Craft Beer: Fresh taste of New Zealand
BEATING New Zealand at rugby is always great fun, especially considering it doesn't happen all too often.
Ireland's victory over the All Blacks was one to savour, even more so if you were one of the tens of thousands of spectators crammed into the Aviva Stadium.
Full sports stadiums have come to symbolise some form of a return to normality, although New Zealand were filling them up a fair bit earlier than the rest of us given their model response to the pandemic.
The Kiwis normally produce some rugby to savour too, although it was the men in green who staged the impressive display of dominance on this occasion.
When it comes to beer, we've also taken a lead or two from our Antipodean friends.
The New Zealand terrain is fertile ground for hops, although they have come relatively late to the party.
Still, New Zealand has rapidly become a major influence on IPAs on this side of the world in particular. The Nelson Sauvin hop kicked the door down for Kiwi hops and many have flooded through it.
Of the many Irish brewers 'hopping' onto the New Zealand train is Mourne Mountains. Their Sweet As, Brew is billed as a NZ IPA.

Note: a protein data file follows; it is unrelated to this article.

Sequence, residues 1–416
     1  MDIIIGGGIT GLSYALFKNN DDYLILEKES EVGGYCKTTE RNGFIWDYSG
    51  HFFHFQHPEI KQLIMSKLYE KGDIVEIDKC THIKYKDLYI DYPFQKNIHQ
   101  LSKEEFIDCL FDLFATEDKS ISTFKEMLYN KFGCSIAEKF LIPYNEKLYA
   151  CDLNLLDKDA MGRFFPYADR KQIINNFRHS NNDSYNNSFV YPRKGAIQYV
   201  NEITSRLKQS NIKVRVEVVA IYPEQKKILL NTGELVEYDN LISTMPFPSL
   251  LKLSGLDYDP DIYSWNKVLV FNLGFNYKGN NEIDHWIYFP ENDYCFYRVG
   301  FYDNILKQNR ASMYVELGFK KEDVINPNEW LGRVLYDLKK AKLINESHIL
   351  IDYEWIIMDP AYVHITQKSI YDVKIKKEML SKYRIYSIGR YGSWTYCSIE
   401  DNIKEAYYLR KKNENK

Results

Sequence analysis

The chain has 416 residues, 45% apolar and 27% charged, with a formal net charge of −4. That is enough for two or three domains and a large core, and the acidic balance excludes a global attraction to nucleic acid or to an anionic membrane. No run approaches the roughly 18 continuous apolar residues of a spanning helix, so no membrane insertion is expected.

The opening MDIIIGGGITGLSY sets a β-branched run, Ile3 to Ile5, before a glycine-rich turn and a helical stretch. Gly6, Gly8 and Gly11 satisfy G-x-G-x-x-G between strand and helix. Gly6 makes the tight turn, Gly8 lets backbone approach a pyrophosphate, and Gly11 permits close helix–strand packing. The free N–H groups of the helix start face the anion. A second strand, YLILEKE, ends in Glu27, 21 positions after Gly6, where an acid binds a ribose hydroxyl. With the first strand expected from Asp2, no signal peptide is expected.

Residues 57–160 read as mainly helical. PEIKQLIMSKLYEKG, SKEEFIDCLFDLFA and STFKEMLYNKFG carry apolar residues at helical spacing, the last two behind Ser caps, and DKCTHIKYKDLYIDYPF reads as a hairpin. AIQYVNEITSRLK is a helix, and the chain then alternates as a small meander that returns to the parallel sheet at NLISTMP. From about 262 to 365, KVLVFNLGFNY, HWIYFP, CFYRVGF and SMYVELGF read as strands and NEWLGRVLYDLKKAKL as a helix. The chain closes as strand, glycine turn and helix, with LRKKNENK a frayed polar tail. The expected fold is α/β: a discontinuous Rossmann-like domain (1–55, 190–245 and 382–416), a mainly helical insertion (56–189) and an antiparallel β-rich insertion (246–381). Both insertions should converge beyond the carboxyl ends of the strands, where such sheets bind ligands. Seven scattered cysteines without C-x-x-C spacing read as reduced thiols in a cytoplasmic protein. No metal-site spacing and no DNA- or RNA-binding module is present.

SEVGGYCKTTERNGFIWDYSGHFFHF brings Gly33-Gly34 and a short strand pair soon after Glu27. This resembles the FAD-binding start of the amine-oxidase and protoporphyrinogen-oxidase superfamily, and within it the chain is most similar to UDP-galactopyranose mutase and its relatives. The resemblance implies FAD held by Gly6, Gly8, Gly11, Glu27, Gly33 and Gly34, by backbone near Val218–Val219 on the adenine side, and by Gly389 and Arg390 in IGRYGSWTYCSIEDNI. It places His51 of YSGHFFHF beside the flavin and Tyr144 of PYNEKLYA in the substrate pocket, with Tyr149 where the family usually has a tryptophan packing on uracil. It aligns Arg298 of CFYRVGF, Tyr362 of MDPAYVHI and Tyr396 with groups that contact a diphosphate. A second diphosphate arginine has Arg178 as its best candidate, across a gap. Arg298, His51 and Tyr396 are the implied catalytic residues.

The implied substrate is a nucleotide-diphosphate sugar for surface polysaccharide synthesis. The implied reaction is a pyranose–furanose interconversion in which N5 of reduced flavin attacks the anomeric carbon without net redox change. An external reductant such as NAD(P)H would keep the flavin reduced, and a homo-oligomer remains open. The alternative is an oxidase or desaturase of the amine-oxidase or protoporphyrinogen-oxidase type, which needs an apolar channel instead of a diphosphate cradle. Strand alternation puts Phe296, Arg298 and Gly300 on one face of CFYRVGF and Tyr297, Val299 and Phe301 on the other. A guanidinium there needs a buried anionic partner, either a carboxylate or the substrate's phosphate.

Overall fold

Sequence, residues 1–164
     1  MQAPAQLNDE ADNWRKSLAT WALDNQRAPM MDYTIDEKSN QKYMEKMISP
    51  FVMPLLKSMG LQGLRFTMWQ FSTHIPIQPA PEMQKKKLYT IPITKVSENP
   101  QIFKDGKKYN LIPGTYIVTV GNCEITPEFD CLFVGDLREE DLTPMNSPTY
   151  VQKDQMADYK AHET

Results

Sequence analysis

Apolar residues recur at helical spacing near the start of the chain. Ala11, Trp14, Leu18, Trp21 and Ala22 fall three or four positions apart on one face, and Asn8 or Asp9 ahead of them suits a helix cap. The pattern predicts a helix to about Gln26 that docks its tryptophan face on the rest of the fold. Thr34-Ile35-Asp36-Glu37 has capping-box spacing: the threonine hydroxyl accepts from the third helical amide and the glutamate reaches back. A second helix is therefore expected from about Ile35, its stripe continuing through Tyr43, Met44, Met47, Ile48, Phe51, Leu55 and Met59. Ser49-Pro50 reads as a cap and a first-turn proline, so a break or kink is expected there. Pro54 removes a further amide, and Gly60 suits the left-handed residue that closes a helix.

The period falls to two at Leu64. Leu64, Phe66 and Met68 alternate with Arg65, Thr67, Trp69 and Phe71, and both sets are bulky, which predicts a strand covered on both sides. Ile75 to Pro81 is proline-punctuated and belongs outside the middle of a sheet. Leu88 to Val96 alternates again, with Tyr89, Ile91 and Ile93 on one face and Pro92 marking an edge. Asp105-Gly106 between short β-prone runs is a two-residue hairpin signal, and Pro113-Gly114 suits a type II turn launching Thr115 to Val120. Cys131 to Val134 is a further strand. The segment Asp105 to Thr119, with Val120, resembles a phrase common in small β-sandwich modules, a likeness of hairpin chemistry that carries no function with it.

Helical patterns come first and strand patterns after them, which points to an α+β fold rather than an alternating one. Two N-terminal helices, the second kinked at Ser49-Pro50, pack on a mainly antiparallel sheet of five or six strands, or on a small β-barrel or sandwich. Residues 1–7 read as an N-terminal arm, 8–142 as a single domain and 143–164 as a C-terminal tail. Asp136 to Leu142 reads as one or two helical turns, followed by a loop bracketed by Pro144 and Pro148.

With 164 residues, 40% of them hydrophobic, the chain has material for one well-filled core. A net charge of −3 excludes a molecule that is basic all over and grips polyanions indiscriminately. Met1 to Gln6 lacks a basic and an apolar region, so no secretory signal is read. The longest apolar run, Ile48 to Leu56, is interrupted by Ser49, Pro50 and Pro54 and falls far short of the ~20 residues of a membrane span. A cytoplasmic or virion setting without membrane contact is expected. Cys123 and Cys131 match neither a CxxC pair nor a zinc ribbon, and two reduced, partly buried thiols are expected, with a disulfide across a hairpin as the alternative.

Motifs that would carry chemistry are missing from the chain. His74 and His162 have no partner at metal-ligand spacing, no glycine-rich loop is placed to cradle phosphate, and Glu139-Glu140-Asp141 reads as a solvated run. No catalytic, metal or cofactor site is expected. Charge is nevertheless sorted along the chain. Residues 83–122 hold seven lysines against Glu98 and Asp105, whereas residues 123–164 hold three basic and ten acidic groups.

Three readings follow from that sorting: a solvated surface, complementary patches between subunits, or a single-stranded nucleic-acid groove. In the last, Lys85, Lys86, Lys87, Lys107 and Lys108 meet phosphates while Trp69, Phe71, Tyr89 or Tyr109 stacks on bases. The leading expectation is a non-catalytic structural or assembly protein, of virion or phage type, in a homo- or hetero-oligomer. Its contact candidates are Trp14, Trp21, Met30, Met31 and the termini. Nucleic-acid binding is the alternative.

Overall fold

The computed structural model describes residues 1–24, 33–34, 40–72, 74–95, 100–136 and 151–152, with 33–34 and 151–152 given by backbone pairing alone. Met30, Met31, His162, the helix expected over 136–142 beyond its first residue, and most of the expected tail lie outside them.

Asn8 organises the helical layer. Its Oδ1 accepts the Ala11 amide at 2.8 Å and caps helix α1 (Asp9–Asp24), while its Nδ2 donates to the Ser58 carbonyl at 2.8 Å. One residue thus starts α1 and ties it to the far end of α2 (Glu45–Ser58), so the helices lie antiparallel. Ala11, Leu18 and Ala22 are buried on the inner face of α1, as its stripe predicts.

A pretty self-explanatory style, NZ IPA uses hops from that part of the world, specifically in this case Motueka, Riwaka and Rakau.
The result is a murky IPA which has the look of a New England IPA, but lacks the tangy dankness of one.
Instead, you get a sweet, fruity and floral brew which is dangerously drinkable considering the 7 per cent abv. It's bursting with tropical flavours, with some refreshing citrus vibes and sweet passionfruit and mango popping up.
One abiding feeling I get when drinking a New Zealand IPA is freshness and although the hops have a fair bit to travel, this one is vibrant and zesty.
It's drinkability is up there with a session IPA. In fact, right after downing this one, I opened a can of Mourne Mountain's Session IPA.
Clocking in at 3.8 per cent, it was very hard to discern which of the two beers was greater in strength.
The Session IPA did have a nice softness to it with the juicy and tropical flavours less intense.
However, both beers slip down as quickly as a James Lowe sidestep.